Deep and Broad Technical Experience

Deep and Broad Technical Experience

Great developers have worked with a handful of technologies long enough to become experts and are competent with many others. Of course, finding a programmer who has worked on a product similar to yours or that uses the same technologies is beneficial. Successful programmers will follow coding standards and will write code that is understandable and commented so that it can easily be passed on to someone else. By combining their cognitive abilities and diverse industry experience, they’re able to arrive at optimal solutions quickly. An experienced developer is well versed in best practices like agile development and task management software such as Jira and Trello. They also have mastered version control, different development environments, and the process of deploy applications – so ask questions along these lines.

How to test this skill:
• Ask for examples of previous work: Can they showcase previous products they’ve built, send over code samples or screenshots of different enhancements? Also, ask if they have a portfolio website and GitHub profile that they can share.
• Technical interview: Consider conducting a whiteboard, take-home, or interactive coding challenge. Here at Scalable Path, we do this for you. We like to administer a 1-hour interactive coding task that tests real-world skills using relevant technologies rather than academic knowledge. If a candidate is applying to be a full-stack developer, it makes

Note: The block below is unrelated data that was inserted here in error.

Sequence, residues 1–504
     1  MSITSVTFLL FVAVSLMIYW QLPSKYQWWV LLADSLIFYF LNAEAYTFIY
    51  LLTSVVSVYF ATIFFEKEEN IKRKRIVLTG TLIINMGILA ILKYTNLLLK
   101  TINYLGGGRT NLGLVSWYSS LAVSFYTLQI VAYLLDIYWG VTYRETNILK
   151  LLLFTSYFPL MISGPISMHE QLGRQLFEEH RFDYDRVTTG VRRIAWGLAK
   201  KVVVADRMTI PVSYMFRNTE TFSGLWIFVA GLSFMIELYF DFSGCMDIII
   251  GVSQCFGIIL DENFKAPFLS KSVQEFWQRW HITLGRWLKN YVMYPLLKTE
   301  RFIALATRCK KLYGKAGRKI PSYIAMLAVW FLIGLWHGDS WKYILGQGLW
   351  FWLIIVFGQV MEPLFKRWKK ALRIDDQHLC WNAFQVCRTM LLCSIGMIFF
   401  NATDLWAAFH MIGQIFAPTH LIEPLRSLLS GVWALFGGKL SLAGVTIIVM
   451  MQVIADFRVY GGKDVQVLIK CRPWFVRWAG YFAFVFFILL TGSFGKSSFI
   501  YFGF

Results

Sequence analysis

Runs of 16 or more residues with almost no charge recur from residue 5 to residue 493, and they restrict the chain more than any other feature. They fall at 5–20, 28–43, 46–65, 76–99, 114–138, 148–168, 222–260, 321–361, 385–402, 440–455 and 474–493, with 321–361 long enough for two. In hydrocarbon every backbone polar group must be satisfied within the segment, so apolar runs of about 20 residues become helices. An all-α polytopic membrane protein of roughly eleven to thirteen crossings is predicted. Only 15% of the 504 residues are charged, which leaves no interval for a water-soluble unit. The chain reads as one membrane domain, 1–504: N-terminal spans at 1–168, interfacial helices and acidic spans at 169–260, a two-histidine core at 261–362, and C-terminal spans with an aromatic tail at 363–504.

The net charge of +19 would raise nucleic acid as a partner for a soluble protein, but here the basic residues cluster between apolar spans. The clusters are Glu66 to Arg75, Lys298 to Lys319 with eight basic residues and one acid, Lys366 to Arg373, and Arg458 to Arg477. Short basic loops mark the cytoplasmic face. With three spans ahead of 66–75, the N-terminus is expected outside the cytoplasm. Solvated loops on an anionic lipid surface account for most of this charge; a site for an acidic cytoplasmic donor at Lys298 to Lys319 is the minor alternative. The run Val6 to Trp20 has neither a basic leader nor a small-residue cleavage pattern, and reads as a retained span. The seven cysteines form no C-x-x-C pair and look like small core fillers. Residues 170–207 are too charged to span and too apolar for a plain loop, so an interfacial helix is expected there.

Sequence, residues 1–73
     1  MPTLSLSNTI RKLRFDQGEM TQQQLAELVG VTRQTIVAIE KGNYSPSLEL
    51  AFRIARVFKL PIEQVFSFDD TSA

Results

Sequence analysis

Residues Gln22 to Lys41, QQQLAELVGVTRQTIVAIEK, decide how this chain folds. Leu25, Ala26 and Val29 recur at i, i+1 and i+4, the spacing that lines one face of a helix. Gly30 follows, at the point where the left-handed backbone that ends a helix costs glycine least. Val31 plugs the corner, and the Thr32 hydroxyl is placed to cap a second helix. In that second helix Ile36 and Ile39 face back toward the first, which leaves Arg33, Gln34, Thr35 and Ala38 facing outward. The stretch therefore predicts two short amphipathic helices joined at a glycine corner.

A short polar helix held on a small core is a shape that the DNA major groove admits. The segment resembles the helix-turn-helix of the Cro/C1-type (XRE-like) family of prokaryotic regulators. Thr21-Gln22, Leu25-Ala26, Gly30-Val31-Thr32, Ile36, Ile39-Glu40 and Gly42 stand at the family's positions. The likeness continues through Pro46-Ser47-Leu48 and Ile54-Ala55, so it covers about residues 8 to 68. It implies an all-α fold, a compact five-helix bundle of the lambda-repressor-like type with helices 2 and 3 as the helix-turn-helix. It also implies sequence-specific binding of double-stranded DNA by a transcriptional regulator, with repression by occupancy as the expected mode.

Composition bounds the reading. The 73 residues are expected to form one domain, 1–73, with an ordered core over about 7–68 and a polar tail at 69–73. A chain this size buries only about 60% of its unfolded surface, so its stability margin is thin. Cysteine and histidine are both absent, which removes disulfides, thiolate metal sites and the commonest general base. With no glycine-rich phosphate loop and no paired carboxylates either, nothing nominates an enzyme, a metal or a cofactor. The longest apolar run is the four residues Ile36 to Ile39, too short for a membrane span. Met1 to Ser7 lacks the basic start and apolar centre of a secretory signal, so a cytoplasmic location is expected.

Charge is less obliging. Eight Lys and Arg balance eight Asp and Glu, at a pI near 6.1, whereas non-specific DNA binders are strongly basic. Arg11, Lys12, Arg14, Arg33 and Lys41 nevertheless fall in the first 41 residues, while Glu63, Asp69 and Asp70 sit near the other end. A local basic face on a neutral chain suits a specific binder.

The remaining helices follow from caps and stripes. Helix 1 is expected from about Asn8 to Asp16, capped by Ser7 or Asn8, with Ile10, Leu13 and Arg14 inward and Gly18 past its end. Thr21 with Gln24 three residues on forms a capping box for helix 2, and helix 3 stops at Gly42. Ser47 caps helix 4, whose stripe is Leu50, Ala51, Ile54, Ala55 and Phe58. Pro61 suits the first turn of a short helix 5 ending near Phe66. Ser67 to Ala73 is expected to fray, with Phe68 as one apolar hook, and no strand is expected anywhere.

sense to see if they can make a simple app with a frontend that communicates with some REST endpoints, instead of asking them to implement quicksort on a whiteboard.
• Programming challenges: Although most challenges involved with real work do not resemble the programming challenges found on sites like LeetCode, if a developer can succeed at some of the more difficult algorithmic-based problems in a short period of time, you know you are dealing with an intelligent person who knows their computer science.
• Hackathons: Nowadays many companies have started hiring straight out of hackathons. At hackathons you get to see highly talented programmers build software in a matter of hours. It’s a great way to assess programming efficiency, the need to create usable software, and how well they work individually as well as in teams.
• References: Ask for references. Talking to entrepreneurs or CTOs they have worked for will give you an indication of their technical skill and their other intangible qualities.








Author : Osame Irandoot (Backend developer)

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